/ 24 September 2003

Creating space for the people

When word got around the Mogalakwena Craft Art Development Foundation that its Limpopo Province project had qualified as an Arts & Culture Trust (ACT) Awards finalist, the 12-woman team took to their work with renewed energy.

Now the project has been awarded Cultural Development Project of the Year for 2003. The members of the foundation are in distinguished company, having received their accolade alongside the Creative Inner City Initiative (CICI) in this category.

Situated in the northern part of the Limpopo Province, the Mogalakwena Craft Art Development Foundation Centre is based at a private game reserve with an eco-tourist lodge, the Mogalakwena River Lodge, adjoining the tribal trustland where the Pedi community live.

The foundation was established in 1994 and the craft-art centre is situated within walking distance from adjacent villages. Here, skills are nurtured and 12 craft artists are employed to create a variety of beadwork, prints, candles and so on. Regular workshops are held for children from a nearby school.

The craft centre’s artists were represented at the World Summit for Sustainable Development exhibition in 2002 and have created items for galleries and hotels in the Western Cape.

Project marketing executive Elbe Coetsee says that ‘the women were delighted and there was a positive vibe at the centre when we heard the news. Everyone is delighted because we never expected it to happen, and it’s the first time we’ve received an award”.

Although based in Cape Town, Coetsee travels to Limpopo regularly to visit the craft centre.

The ACT Awards, in association with the Mail & Guardian and Nedbank, acknowledges the fine work done by individuals, organisations and agencies that have played an important supportive role in the development of arts, culture and creativity in South Africa.

They are a celebration of excellence in areas often hidden behind the scenes of public events.

The ACT panel of judges boasts some of the most experienced individuals in the industry. Coetsee believes the award will go a long way to creating awareness about the project and employment for women in Limpopo.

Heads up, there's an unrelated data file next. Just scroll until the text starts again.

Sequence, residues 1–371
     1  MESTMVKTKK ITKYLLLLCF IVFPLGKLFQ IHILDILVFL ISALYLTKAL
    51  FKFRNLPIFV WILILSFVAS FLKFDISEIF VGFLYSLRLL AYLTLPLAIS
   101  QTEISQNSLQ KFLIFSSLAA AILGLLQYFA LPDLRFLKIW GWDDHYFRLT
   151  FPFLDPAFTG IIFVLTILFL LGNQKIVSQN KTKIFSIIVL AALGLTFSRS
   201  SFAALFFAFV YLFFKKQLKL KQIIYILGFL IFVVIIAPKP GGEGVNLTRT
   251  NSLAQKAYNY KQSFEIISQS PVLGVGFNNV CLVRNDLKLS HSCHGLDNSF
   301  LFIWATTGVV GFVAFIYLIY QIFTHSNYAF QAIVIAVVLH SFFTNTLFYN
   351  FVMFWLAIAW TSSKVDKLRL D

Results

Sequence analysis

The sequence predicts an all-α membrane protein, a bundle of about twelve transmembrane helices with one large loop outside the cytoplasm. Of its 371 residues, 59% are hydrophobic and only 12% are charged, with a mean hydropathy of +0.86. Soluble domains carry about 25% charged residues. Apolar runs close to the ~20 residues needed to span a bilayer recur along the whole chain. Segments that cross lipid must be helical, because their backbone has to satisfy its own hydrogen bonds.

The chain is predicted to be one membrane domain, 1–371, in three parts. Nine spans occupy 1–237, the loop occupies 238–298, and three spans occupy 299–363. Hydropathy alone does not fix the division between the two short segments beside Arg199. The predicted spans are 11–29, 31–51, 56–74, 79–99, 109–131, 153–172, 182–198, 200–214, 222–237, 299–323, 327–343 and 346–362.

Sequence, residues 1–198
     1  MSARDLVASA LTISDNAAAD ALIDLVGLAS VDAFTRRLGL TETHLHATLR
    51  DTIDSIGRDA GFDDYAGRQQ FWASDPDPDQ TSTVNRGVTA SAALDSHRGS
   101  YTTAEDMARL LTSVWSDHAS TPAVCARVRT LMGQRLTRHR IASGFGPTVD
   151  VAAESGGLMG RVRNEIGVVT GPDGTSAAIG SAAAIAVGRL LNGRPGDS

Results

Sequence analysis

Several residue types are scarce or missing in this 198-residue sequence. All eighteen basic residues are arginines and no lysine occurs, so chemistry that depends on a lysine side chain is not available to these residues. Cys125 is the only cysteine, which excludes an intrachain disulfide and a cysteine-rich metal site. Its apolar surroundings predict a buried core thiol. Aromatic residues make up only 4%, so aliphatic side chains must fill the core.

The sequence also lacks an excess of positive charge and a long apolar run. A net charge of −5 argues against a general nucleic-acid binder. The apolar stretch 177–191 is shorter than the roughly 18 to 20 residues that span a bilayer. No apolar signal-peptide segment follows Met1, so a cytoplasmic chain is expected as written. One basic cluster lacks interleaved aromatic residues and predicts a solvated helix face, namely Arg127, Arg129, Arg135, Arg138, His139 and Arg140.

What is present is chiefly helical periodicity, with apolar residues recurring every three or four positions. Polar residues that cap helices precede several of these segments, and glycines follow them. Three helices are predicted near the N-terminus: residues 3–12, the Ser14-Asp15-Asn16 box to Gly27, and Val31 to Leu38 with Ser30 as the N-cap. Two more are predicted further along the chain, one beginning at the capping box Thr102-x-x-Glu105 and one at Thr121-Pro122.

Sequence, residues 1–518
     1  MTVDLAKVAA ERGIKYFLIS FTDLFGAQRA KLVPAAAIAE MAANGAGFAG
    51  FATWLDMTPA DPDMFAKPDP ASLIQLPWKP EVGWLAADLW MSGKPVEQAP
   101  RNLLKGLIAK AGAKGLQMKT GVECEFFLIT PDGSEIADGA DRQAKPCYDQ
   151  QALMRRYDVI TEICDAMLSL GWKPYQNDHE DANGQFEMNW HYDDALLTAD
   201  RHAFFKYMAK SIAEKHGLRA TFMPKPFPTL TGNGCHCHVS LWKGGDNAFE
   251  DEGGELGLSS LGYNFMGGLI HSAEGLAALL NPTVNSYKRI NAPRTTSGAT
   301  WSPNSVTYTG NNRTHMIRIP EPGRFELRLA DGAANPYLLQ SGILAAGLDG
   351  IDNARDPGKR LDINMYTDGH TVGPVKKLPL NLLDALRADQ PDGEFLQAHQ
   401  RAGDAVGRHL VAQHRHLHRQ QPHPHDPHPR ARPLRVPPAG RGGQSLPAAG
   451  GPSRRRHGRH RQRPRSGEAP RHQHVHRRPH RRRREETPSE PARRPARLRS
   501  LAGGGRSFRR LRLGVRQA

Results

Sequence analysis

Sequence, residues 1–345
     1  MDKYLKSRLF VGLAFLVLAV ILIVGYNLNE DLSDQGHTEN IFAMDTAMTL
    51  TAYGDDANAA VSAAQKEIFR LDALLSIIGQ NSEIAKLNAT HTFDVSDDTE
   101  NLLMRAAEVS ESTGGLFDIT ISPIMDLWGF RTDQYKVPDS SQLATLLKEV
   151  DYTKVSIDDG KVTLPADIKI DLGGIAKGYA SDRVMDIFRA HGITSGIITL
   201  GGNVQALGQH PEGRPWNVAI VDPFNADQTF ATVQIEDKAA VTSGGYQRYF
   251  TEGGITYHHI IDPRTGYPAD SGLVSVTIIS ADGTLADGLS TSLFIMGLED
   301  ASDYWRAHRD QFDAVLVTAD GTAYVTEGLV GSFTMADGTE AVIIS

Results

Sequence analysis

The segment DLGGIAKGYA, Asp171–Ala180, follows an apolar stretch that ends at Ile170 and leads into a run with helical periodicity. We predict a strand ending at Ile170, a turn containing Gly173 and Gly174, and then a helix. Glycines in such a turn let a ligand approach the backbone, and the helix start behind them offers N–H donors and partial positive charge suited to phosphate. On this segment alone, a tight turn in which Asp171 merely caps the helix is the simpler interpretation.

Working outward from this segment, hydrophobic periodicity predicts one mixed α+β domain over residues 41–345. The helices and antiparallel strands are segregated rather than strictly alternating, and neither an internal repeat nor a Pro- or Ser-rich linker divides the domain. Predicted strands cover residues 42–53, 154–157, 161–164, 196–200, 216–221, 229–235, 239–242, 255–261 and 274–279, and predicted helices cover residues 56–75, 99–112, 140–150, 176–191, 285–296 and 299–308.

She pays tribute to initiatives such as the Arts & Culture Trust Awards, which recognises projects that would otherwise remain unknown to many South Africans.

Elizabeth Venter of the CICI is equally delighted that their project has been named the winner.

The CICI is a poverty-alleviation project focused on uplifting communities in Hillbrow, Berea and Joubert Park in Johannesburg.

Once involved, Venter says, ‘people then take pride in themselves and their neighbourhood”. The CICI contributes to community building through improving arts, crafts, and performance skills; as well as providing business-skills training and income-generating opportunities — particularly for youth and women.

Creative disciplines include magazine production, portraiture, sculpture, sign-writing and video production. The awards have attracted a wide range of entries.

The accolades bestowed on these two grassroots initiatives acknowledge that in their area of work there is a strong inclination towards job creation, management and creative skills.

People involved in arts and culture who meet the criteria are commended for developing awareness and appreciation of our allied arts industries.

‘All the finalists for the 2003 ACT Awards are congratulated for their fine work and participation,” says ACT deputy chairman and awards judge George Mxadana. ‘The finalists represent the highest levels of professionalism, dedication, leadership and achievements in their respective fields”.

MTN: Hello the future of the arts

In 1998 MTN took a decision that its collection, comprising more than 1 000 art works,”would not just decorate the corporate walls but would be used as a core tool in outreach and sustainable social development programmes”.

This year the telecommunications company was nominated by the Arts & Culture Trust as Organisation of the Year in Support of the Arts.

The MTN Foundation was launched in 2001 and has used the collection to hold exhibitions, facilitate rural outreach, train and support teachers and publish art resource material and educational supplements. These include the Voices Creative Arts Therapies Project, the MTN/Imbali Teachers Training Programme, the MTN Young Curators Programme and artist-in-residence programmes.

MTN has also published and sponsored a number of groundbreaking exhibitions such as the HIV/Aids awareness exhibition, Break the Silence.

Their sponsorship of fine art books includes a publication about printmaking at Rorke’s Drift and a study by Elza Miles about the life and work of deceased artist

Gladys Mgudlandlu. — Mail & Guardian reporter